The Family Advisory Council offered the direct perspective of parents like Lori Paul, an Orlando full-time mother to 8-year-old Max who received a diagnosis of cystic fibrosis at 13 months of age. Paul credits a Nemours physician with identifying her son’s rare symptoms that had previously been overlooked. “The caring team at Nemours has always felt like a family to us, truly invested in Max’s well-being. To be offered the chance to participate in the Family Advisory Council is simply the ultimate display of Nemours’ desire to foster genuine patient-family care. It’s unheard of in medicine and amazing!”
Paul and the other members have participated in monthly Family Advisory Council discussion and planning sessions, plus focused subcommittees. Results are integrated throughout the hospital, including details like the surface over patient beds. When one parent realized the reflective surface could scare a child to see himself with tubes in the arms and nose, the Family Advisory Council had the surface be made non-reflective. “As ‘frequent-users’ of healthcare and medical facilities, we know what our kids need and want more than hospital ‘traditional builders’.
For example, while most might expect food services to only provide ‘healthy’ meal plans, my son actually requires a higher caloric intake including high fat, high sodium foods because his body’s ability to absorb and process nutrients is different,” Paul explains. She adds that the diversity among the Family Advisory Council members (referring specifically to the variety of medical conditions) is what will make the unique qualities of Nemours Children’s Hospital best set to serve the needs of all families. “A fellow member utilizes a large motorized wheelchair for her daughter and was able to communicate her concern of space, such as handicap parking lot accessibility and size to room functionality.” Paul says that parents also were ‘testers’ for furniture such as desks, beds, couches, electronic capabilities, and other items that parents will utilize in private patient rooms and/or waiting lounges.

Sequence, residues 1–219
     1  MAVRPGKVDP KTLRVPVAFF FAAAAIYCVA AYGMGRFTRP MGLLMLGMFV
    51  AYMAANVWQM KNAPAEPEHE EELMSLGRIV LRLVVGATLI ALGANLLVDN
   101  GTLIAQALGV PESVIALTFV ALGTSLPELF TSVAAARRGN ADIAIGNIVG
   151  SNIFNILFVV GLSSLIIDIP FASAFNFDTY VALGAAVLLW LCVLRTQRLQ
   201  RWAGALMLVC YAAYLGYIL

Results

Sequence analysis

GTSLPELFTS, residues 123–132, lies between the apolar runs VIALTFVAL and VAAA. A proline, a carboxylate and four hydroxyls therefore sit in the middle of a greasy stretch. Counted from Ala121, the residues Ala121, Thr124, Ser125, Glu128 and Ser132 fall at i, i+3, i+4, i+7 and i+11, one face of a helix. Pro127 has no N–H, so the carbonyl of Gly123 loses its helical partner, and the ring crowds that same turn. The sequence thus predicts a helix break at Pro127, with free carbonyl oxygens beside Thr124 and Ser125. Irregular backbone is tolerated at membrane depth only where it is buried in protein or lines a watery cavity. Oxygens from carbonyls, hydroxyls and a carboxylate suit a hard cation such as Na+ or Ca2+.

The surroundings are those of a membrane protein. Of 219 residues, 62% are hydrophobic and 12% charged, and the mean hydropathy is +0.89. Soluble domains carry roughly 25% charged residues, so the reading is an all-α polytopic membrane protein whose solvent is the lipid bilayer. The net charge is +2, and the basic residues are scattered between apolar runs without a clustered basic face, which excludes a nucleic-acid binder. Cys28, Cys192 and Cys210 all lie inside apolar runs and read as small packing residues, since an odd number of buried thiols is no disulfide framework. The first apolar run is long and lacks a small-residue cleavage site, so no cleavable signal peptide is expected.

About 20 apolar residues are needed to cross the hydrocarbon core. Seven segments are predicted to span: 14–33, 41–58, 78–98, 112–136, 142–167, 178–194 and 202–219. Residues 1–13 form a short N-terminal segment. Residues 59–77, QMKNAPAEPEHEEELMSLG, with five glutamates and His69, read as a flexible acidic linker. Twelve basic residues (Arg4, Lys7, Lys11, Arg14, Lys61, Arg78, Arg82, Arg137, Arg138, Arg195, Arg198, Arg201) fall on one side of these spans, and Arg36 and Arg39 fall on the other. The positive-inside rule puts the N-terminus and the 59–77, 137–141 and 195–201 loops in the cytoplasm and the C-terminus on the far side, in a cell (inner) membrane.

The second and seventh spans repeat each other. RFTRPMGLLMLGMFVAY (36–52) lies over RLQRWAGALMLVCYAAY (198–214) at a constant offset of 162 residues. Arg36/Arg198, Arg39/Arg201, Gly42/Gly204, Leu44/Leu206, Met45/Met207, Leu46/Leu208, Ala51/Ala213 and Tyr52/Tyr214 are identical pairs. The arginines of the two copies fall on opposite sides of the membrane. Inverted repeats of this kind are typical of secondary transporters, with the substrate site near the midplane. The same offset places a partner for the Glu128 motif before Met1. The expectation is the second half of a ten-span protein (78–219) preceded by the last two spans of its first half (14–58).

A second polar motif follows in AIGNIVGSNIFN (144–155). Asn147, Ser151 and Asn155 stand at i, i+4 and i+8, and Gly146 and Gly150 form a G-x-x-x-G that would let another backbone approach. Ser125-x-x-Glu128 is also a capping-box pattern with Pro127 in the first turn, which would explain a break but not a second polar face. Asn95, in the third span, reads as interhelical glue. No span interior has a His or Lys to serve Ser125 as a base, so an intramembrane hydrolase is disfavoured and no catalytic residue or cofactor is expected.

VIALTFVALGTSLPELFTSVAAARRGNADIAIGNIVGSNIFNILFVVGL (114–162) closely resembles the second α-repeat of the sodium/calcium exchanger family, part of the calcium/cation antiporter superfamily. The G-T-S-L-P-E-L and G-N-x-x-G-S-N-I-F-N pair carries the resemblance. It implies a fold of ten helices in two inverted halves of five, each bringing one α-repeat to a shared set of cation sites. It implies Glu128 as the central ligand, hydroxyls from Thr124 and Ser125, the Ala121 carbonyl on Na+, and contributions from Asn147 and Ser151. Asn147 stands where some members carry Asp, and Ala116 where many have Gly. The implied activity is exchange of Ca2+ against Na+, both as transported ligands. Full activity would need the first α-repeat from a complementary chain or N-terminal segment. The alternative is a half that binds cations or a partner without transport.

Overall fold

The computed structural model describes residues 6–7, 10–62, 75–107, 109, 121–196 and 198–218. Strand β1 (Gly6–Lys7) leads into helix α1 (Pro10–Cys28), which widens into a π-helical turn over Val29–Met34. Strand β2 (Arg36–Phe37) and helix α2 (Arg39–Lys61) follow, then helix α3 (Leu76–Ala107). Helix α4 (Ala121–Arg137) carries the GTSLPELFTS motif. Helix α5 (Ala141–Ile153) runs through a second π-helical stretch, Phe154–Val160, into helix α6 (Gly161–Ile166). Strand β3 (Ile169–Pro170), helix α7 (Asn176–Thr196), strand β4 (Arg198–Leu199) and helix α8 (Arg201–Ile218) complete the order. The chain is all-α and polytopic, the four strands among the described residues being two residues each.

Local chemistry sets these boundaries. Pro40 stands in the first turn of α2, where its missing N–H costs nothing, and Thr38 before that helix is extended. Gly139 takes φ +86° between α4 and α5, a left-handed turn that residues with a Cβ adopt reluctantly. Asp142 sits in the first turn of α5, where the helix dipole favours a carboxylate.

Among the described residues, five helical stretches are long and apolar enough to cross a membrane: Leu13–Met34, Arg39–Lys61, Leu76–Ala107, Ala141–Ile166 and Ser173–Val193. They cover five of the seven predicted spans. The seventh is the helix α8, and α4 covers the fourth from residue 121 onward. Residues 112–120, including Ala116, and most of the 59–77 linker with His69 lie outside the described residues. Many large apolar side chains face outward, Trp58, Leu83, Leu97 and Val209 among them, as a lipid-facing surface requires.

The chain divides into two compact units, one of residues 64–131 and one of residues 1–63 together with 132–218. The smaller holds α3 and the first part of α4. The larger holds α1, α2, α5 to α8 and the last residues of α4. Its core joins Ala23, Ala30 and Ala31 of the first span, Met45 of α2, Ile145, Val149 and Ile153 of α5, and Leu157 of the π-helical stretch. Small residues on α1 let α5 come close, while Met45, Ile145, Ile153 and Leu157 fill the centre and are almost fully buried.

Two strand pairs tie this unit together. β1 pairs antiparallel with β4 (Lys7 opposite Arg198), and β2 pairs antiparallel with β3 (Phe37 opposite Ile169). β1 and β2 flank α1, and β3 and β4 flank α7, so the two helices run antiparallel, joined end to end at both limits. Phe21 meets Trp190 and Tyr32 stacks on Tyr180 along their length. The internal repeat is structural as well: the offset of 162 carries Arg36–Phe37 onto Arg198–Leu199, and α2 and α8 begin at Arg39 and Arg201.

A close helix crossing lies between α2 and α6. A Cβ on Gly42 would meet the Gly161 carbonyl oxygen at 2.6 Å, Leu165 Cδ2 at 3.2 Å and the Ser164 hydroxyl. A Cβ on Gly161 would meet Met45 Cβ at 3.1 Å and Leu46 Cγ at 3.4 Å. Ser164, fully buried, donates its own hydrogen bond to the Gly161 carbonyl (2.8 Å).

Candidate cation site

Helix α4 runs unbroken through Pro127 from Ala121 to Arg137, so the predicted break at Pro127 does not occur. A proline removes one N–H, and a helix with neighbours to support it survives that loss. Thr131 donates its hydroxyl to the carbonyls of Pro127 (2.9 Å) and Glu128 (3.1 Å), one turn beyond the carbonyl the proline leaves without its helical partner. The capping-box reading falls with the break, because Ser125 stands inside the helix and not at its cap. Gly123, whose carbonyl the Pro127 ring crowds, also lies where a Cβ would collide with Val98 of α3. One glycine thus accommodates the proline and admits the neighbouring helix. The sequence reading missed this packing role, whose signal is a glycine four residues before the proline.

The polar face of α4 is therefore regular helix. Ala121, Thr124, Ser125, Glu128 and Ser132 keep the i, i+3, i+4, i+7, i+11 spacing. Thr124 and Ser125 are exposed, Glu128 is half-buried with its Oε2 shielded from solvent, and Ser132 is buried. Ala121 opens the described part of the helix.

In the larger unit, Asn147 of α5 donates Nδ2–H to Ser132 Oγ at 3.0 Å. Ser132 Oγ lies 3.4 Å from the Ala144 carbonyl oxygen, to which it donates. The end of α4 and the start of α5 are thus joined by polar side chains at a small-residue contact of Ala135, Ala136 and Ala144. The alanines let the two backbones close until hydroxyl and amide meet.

This patient-family centered influence stems back to Nemours Children’s Hospital’s objective to simply offer parents more choices. “It’s more than just physical design input. We’re expanding upon parent choices from comfortable, 24-hour access to be with your child to the ability to be present when the anesthesiologist puts your child to sleep before a procedure. We are listening to our parents and they see that in turn, the Nemours team is doing whatever we can to save the life of their child,” said Meeks.
More than a dozen members of the Family Advisory Council are trained to interview finalists for positions at Nemours, including involvement in the hiring of top executive level positions. “The opinions of our Family Advisory Council truly were deciding factors in determining our leadership roles. For example, these members took part in the interview and hiring process of Randall W. Hartley who was ultimately hired as Chief Administrative Officer (CAO) for Nemours Children’s Hospital,” says Meeks.
The nursing team of the system’s other children’s hospital, the Nemours/Alfred I. duPont Hospital for Children in Delaware was equally as vital in contributing design direction for functionality of private patient rooms. With an understanding that the nursing staff likely navigates patient rooms most frequently, their experience offered knowledge surrounding flow of care and space requirements affecting the ease of equipment’s mobility. Ultimately, such insightful planning on the front end for Nemours Children’s Hospital will allow staff to work more efficiently, resulting in cost savings. Nemours nurses, who follow perinatal guidelines for a low nurse to patient ratio (1:4 pediatrics and 1:3 intensive care unit), will also take a collaborative approach to leadership. “We’ve established a physician-nurse partnership to oversee the emergency department. It’s a joint responsibility for all aspects including financials, quality of care, patient satisfaction, staffing and so on. This strategy will ultimately eliminate silos among roles and create uniformity,” describes Meeks.